Booking that international flight can cost a fortune. And getting time off of work and school to traipse around Europe can feel equally daunting. But travel is essential, especially for 20-somethings. Here’s why:
It turns you into a problem solver
There is nothing like being stuck in a country where you don’t know the language or how the local cell phone system works; While abroad, we’re forced to adapt to these lifestyle differences by problem solving like a pro. Traveling helps us learn how to follow people’s hand gestures, estimate the time of day based on sunlight, become more precise about meeting times and spots and sharpen other skills that improve our daily lives once home.
It gives you opportunities to connect with other people, both home and abroad
After you book your trip, tell people about your plans–it will bring you closer together. Everyone who had ever been to your destination will want to tell you about their experiences and give advice on what to pack, where to go and how to navigate the metros. After your return, these people will also want to hear about your experiences and compare them to their own. And while you’re gone, of course, you’ll meet people from all over the world–some of whom you’ll build connections with that will last a lifetime.
It helps you to appreciate what you’ve got
Nothing like a month-long break from your friends back home or from the little luxuries of everyday life to reveal what’s most valued, appreciated and important.
For example, on a 12-hour layover in New York City, my travel companion and I decided to ride the subway into Manhattan. We sat down next to a local and asked her how much she thought the cab ride might cost. She said, “Oh, pretty expensive. Probably about $35.″ In my world, a “pretty expensive” cab ride would be $100, not $35, and it made me realize just how fortunate my own life is.
After time away from your daily life, simple things like ice, vegetables or yoga class–or not so simple things, like a casual boyfriend–are that much more appreciated.
It helps you learn stuff about yourself
Travel teaches you a lot about things you like (citron macarons), and things you don’t like (Duck confit? Never again). It teaches you how you react in stressful situations, such as when your bag is the last one on the carousel, or you miss your flight. It teaches you what kind of people you get along best with, what kind of aspirations you have for yourself, how rigid or flexible your personality is, that you way over pack, how much sleep you can actually function on. And, the best thing about traveling as a 20-something? You can always change any of those things that you learn about yourself and don’t like.
It causes you to break bad habits
It’s easy to fall into a sugar consumption slump, skip the gym or not follow through with engagements. But when on the road, it’s easy to break those not-so-good-for-you habits because your surroundings and schedule is different every day. Even better, those healthier habits can stick once back home. What better way to re-vitalize, re-align, and re-set our lifestyles?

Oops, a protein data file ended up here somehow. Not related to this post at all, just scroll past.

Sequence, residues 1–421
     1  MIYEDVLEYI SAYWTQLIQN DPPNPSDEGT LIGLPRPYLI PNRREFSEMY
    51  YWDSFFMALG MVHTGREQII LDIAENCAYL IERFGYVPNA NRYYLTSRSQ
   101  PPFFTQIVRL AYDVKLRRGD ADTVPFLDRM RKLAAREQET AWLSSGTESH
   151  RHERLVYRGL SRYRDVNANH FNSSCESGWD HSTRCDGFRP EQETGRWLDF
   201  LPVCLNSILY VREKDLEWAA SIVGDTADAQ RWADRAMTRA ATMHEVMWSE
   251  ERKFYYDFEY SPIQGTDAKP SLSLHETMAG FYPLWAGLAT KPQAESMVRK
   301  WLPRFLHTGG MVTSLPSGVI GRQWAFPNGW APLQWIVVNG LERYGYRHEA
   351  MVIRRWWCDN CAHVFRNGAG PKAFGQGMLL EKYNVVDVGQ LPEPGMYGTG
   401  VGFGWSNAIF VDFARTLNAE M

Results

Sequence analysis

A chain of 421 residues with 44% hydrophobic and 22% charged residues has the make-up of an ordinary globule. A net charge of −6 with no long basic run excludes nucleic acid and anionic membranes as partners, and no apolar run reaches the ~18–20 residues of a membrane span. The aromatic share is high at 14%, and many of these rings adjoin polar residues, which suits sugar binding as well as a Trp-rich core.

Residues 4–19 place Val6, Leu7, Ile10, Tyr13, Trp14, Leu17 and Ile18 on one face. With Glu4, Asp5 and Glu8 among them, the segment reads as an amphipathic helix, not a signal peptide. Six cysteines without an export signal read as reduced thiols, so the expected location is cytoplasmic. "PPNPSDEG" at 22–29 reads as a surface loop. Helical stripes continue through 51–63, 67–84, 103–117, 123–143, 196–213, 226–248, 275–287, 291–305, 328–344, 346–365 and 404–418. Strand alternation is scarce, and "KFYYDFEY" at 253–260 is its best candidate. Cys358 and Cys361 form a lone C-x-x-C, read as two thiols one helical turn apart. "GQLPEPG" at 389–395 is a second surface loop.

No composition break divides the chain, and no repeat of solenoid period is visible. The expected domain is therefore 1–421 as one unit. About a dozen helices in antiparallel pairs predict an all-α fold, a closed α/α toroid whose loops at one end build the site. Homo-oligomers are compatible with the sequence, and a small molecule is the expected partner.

It shows you the world is much, much greater than yourself
The longer we stay in one place, the more ethnocentric, and egocentric, we can become. But there’s nothing like a big and unfamiliar city to help us realize that we are a tiny piece of the population puzzle. Paris alone has a population of about 2.3 million people, which means that 2.3 million other people also need to feed themselves, to get themselves to work, to use the bathroom, to dress themselves, to take care of their families. The world isn’t all about us–and that’s a good thing!
It teaches you about the shared human experience
Of course, cultures have their own little nuances. In France, people eat a gillette cake for New Years–whoever gets the bean is supposed to have luck for the rest of the year. In New Orleans, people stick a baby in a cake for Mardi Gras and whoever finds the baby is supposed to have a good year. During Thanksgiving, the guest who gets the wishbone is supposed to get her or his wish. The more we travel and immerse ourselves in other cultures, the more we realize how similar we all are (cue: It’s a Small World).
It enhances your perspective on the world
Traveling will inevitably change how you relate to books, movies, and products. For example, seeing the monuments in Paris and understanding how the city’s cafes helped me better relate to ‘The Sun Also Rises’ by Ernest Hemingway. Suddenly, I was able to better visualize the characters, understand the conflict, and interpret the messages. We can always look at pictures, and we can always watch videos, but actually being in places IRL better deepens our understanding of the world.
It gives you a lifetime of enjoyment
One of the best parts of going away on a trip? Remembering the experiences you had after you get back home. When looking back on a trip, we magically forget the stomach pains felt from hunger or how badly your insides hurt because you had to go to the bathroom, but didn’t want to pay to do so. Instead, you think about how funny it was that you threw away your boarding passes and had to hurdle a wheelchair to retrieve them. You remember the awe of the Moulin Rouge, or the magic you felt when Ana and Elsa drove down Main Street at Disneyland Paris. In other words, the trip certainly doesn’t end when you arrive home–it exists lovingly and longterm in your memories.
It changes you
Experiences change us. Whether it’s learning to think globally, appreciate what we’ve got, or help to make us think differently about something, travel helps deepen our connection to ourselves, others and the world. So travel: see the world. Learn about people, cultures and yourself. Be changed.